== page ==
Friday, 3 April 2015

Shaolin, China

Shaolin is the most rural place that we have visited during this trip (even if I thought it would be Yangshuo). The guest house we were staying in is effectively in a big field, this was quite a shock for many of the city goers on the tour! Not only is Shaolin the most rural place we visit, but it is also the poorest. In China the poverty line is decided by families that earn less than $1.25 a day, which is crazy!

In the afternoon we went to an orphanage where the children train in Kung-Fu and become Monks. Although the town itself is used to tourists, I don't think the orphanage was - the children seemed really excited to be able to show off their Kung-Fu skills. Some of the more awesome performances included popping a balloon through a pane of glass and balancing on a sword. The children then invited us to learn a Kung-Fu routine! 
The first time we tried, the grand master kept correcting our positions - leading to an awkward situation of holding deep squats! I had a monk helping me that was really helpful, showing me where to hold my arms. However, Matt had an evil little monk who kept kicking his legs out, making him squat lower! We did get better at the routine as we kept practicing it, but something tells me we won't be Kung-Fu experts anytime soon!

The next day we went to the Shaolin Temple (the real reason we came to this town). Two of the monks from the day before came to guide us around the temple - one of which was my helper monk! The temple was very tourist orientated, with many acrobatic Kung-Fu displays for us to watch as we headed towards the main attraction. The shows were definately more acrobatic than Kung-Fu! When we finally reached the Shaolin Temple we were quite disappointed. In my mind it was going to be like the temple from Kung-Fu Panda, where you have to climb thousands of steps to reach the temple just visible in the distance. The true temple could not have been further than my imagination. The Temple was redeemed slightly by still retaining original features, such as Ming Dynasty flooring that was dented from years of Kung-Fu training.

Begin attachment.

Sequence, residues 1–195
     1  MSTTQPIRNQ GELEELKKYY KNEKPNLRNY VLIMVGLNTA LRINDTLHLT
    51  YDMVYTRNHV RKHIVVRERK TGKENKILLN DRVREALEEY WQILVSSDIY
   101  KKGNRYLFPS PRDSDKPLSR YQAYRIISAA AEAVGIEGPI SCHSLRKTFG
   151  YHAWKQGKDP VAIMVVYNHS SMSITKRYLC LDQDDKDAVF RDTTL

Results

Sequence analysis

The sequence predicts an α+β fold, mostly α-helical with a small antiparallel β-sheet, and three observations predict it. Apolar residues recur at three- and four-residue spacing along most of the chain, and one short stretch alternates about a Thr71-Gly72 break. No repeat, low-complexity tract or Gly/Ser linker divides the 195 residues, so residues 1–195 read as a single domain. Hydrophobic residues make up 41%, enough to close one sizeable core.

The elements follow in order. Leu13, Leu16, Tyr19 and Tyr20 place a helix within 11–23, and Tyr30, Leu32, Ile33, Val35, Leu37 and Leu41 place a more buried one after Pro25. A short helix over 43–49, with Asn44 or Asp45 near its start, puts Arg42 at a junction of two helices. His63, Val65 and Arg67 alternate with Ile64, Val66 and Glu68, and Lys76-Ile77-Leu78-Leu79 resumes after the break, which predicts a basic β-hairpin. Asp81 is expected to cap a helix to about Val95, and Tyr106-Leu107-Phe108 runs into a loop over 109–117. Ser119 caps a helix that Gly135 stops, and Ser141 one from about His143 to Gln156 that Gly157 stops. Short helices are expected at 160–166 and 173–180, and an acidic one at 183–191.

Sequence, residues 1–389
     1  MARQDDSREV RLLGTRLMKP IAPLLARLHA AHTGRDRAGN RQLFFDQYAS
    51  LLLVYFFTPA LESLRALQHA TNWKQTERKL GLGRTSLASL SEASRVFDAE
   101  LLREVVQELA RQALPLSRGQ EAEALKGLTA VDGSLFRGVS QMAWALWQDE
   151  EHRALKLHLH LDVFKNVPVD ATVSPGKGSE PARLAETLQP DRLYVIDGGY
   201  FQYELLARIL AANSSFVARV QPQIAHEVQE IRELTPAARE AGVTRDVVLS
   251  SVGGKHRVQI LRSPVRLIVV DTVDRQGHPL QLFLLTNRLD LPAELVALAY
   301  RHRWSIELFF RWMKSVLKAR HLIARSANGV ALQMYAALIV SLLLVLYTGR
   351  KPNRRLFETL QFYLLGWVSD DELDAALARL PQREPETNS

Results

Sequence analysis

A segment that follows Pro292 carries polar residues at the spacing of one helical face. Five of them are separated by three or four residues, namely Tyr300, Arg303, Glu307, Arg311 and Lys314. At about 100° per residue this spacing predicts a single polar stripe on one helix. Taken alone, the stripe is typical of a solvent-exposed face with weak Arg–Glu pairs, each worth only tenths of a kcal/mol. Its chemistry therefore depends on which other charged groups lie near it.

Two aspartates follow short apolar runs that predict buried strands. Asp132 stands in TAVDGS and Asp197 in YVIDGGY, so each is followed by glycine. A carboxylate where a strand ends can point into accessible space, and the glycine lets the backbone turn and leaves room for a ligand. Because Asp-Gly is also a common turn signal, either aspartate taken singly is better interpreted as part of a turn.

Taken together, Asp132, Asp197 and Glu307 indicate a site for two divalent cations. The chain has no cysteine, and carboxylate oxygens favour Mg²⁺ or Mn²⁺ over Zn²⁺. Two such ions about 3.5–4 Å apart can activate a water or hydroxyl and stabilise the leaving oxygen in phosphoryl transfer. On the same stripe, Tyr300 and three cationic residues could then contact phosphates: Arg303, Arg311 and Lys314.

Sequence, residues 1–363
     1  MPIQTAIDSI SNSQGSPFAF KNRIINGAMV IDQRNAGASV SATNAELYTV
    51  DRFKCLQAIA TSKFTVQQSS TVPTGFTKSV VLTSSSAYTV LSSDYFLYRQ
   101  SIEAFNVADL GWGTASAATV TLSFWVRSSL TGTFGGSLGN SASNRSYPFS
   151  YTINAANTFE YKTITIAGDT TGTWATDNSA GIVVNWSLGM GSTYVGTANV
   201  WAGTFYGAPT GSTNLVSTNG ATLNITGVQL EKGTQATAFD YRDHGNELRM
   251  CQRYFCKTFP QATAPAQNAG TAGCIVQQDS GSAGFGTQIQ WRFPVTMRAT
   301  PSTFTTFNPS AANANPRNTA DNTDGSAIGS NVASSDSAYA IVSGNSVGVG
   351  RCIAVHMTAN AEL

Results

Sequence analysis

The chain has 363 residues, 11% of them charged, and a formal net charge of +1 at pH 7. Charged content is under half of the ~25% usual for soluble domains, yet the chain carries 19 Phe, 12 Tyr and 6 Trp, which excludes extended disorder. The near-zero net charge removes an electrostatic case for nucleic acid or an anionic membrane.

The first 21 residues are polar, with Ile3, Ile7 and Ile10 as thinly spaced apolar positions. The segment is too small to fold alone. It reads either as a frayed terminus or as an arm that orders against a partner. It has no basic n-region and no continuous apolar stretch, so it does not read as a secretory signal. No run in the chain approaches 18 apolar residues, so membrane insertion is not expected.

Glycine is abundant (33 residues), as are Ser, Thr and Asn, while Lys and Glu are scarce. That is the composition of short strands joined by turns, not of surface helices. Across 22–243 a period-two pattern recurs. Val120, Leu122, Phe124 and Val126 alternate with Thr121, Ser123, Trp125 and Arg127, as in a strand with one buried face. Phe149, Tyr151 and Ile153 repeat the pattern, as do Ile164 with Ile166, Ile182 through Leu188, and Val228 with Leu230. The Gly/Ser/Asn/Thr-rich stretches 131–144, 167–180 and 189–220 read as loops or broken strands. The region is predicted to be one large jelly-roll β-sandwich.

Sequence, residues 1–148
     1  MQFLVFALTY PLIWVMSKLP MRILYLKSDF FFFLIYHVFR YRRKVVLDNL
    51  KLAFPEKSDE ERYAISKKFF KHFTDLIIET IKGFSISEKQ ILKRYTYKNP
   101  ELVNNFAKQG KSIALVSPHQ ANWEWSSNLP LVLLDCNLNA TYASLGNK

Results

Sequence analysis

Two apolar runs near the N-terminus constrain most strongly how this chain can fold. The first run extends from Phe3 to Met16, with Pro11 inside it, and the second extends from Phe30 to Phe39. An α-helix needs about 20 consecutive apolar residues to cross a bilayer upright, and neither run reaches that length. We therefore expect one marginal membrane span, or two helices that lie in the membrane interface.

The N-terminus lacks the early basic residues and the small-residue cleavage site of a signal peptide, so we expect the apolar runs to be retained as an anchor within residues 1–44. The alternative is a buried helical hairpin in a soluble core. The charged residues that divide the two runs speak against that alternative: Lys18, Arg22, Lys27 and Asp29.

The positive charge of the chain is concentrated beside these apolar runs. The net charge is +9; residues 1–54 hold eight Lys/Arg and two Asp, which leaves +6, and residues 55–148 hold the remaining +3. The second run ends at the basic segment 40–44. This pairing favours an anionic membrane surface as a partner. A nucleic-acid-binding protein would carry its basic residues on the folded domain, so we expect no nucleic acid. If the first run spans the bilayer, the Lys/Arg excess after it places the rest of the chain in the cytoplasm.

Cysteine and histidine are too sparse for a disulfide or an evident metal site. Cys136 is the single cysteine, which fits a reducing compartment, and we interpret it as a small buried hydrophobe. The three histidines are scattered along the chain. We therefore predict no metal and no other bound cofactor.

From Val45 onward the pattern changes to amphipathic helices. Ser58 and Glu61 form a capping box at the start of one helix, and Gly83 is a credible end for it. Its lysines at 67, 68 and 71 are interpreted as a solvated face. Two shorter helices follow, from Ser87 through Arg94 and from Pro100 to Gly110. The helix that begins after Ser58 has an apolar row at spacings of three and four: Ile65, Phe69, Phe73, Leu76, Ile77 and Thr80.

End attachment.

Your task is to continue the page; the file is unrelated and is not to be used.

Another main attraction of the Shaolin Temple complex was the Cave of Dharma. A monk (Dharma) once meditated for nine years at this cave and founded Zen Buddhism and The Shaolin Temple. This is where I finally got to complete my climb - it was hard work in the heat and I definitely felt it in my legs. The view from the top of the mountain was beautiful and made the entire day worthwhile. It was particularly nice when we reached the bottom to see just how high we had climbed.

On our way out of the complex we finally got a grasp if how important the Shaolin Temple is for Monks training in Kung-Fu. There must have been in excess of 1000 people training in the courtyards. The Temple itself is in partnership with 6 Kung-fu schools, but schools from all over China will go there to train. We even saw some girl monks!


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